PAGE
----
Self-invested personal pensions (Sipps) appeal to investors seeking flexibility and an array of options for their retirement planning, with billions of pounds pouring into these schemes over the past two years. Yet advisers are divided on whether these sophisticated pension wrappers really are the Holy Grail for investors wanting greater control over their retirement planning. The decision on whether to opt for a Sipp over a standard personal pension rests, they say, on how wide-ranging you want your investments to be.
"For most people the average personal pension will be enough, as with these you get to choose and switch between funds when you like from a list of unit trusts and open-ended investment companies (Oeics)," says David Seaton, director of Rowanmoor Pensions.
"However, high net worth individuals putting six figure sums into their pension and wanting to buy into more esoteric investments, such as private equity, should consider a bespoke Sipp."
Unlike a stakeholder or personal pension, Sipps enable you to invest in anything. This includes shares traded on the Alternative Investment Market (Aim) and Plus Markets, as well as futures and options, and hedge funds.
They can also be used to invest in commercial property, such as offices, shops, industrial units and agricultural land. Using this option, the property can be leased, even to yourself, with the rent being paid into your Sipp.
'Since April 2006, the restricted list of permitted investments has been removed and now any investment that is deemed to be a commercial investment is allowed,' says Geoff Penrice of independent financial adviser, Bates Investment Services.
The rise of Sipps
There are around 400,000 Sipps running in the UK, adds Tom McPhail, head of pensions at IFA Hargreaves Lansdown, and this number is rising rapidly. However, the distinction between personal pensions and Sipps is becoming blurred.
"Personal pensions are increasingly evolving to look like Sipps, and over the next few years I expect the existing population of personal pensions to go into run-off as the business slowly migrates across towards the Sipp model." He adds that all the major insurers have launched a Sipp over the past few years.
The idea that Sipps are DIY pensions appeals to many people, but although investors can self-invest, they can also take advice. "And this is very similar to many personal pensions, such as the Scottish Widows plan, which allows investors to either take advice or switch between funds online and so do it themselves too," says Brian Dennehy of IFA Dennehy Weller.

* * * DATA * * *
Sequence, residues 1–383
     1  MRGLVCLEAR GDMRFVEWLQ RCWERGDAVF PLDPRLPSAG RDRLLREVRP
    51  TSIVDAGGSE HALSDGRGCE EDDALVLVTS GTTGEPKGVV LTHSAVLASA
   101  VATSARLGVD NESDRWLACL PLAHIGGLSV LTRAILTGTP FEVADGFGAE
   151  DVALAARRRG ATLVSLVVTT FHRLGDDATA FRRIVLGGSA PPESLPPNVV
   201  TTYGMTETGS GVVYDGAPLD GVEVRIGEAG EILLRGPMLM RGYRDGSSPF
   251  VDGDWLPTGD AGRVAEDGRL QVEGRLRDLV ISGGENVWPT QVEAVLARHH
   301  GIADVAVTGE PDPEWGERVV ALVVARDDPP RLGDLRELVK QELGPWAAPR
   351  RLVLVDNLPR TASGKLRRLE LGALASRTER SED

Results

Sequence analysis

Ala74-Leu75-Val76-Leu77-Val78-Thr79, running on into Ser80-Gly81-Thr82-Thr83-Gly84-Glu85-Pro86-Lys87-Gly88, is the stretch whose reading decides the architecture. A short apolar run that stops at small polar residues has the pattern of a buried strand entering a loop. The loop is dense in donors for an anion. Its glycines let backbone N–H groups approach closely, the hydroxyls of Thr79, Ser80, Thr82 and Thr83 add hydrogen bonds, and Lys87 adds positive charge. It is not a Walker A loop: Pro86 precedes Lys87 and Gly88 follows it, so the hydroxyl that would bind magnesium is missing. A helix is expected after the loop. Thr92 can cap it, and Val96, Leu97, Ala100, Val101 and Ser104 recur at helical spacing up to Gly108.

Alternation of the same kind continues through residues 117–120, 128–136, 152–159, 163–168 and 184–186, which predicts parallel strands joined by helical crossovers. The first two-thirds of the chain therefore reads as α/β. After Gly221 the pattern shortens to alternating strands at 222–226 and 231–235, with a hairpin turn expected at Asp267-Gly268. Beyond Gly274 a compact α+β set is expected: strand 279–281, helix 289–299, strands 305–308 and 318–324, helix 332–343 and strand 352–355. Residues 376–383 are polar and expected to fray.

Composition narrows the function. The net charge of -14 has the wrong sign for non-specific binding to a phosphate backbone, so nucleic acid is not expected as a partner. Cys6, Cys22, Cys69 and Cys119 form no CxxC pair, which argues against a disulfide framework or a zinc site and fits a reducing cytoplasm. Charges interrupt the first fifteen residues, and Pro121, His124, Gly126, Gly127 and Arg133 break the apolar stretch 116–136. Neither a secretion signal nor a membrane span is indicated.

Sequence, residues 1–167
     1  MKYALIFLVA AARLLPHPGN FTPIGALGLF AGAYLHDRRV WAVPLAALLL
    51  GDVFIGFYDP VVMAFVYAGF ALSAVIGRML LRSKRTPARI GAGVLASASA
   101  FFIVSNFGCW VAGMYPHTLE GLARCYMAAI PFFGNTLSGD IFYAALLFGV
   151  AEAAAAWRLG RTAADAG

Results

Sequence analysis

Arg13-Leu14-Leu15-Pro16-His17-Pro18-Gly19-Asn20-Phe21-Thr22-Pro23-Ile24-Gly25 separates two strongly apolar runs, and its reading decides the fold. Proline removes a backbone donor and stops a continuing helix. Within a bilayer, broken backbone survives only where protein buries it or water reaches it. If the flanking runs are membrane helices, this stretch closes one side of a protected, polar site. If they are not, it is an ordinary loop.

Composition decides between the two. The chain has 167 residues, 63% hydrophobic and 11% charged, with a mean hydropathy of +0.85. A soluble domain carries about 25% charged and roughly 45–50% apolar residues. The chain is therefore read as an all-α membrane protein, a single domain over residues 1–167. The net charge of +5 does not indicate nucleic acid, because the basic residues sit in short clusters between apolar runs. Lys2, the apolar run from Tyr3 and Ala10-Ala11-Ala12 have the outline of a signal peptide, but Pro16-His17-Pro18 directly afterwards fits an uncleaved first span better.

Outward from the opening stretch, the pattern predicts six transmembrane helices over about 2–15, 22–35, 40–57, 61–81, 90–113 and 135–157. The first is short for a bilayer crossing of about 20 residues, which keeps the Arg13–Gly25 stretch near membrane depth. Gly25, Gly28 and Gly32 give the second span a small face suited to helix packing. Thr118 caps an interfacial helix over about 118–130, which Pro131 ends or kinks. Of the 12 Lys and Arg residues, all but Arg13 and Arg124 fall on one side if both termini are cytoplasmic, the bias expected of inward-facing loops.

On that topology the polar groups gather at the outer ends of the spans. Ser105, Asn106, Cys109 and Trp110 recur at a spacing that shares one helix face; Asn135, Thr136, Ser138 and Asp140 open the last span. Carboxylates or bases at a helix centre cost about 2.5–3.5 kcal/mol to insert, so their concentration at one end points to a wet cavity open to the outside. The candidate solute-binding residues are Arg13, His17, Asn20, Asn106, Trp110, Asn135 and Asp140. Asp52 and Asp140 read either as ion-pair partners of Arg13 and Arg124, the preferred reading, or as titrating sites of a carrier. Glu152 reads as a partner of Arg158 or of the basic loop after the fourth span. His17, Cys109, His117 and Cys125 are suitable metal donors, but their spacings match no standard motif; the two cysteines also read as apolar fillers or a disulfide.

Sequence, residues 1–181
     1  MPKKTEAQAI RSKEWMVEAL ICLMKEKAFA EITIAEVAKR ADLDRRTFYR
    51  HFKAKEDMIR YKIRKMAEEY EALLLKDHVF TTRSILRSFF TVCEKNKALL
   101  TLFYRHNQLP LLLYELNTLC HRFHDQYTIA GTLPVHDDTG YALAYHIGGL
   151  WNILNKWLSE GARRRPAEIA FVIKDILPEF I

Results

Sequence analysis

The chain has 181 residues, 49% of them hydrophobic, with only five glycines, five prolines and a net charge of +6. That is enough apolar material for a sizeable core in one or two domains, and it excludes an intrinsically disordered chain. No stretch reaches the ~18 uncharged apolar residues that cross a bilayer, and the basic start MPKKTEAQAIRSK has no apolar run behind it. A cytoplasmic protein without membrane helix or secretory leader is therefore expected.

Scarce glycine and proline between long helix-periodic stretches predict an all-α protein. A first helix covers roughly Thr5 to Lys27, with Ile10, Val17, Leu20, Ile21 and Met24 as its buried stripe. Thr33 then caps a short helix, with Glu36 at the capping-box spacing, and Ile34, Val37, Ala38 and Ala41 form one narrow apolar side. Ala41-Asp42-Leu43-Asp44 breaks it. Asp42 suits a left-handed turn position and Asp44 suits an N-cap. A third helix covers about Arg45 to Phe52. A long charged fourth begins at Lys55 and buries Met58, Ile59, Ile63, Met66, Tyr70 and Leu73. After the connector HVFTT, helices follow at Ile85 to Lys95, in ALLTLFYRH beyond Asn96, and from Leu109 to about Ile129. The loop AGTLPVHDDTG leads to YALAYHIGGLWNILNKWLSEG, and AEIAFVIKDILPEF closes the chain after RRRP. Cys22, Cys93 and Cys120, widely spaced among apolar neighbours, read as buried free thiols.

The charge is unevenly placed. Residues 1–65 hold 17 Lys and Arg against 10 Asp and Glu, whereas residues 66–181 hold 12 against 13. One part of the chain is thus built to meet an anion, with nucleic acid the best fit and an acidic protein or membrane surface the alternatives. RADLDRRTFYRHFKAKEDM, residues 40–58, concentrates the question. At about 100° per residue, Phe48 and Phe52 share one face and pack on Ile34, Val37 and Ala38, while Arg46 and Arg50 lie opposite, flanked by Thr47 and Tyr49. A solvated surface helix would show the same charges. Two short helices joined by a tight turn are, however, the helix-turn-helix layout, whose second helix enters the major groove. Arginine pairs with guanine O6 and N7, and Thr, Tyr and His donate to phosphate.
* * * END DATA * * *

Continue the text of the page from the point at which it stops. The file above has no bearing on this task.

It's also worth bearing in mind that not every Sipp provider offers the full range of investments, so you must choose the right one for your requirements carefully. At one end, you will find the ones linked to stockbrokers, where you can buy and sell funds and shares, while at the other, there are bespoke providers that are geared up to take any investments, including commercial property.
More regulation on the way
The Financial Services Authority (FSA) has started a review into Sipp suitability following concerns that advisers were churning clients into the relatively expensive schemes when they would not benefit from the investment options afforded to them.
With a Sipp, minimum investments may be higher than on stakeholder and personal pensions. These vary, but, for example, Standard Life requires a minimum lump sum of £10,000 or a monthly premium of £300 for its Sipp.
Of course, the flexibility offered by Sipps can also come at an increased cost, although it is tricky to be definitive on the charges involved as they vary widely between providers. Rather than having a flat charge of 1.5 per cent or less, like the stakeholder pension model, there are several charges to consider when setting up a Sipp.
"Sipp providers don't work on a percentage fee basis, offering a flat annual administration fee for doing the job, which makes them suitable for people putting higher sums into their pension," says Mr Seaton.
But first, there's a set-up charge, which averages around £300 for a £100,000 Sipp, he explains. Behind this average, however, there's a lot of variation, with charges ranging from nothing on plans from some providers to £600 or more on others - particularly those allowing the more esoteric investments, such as commercial property.
The charges minefield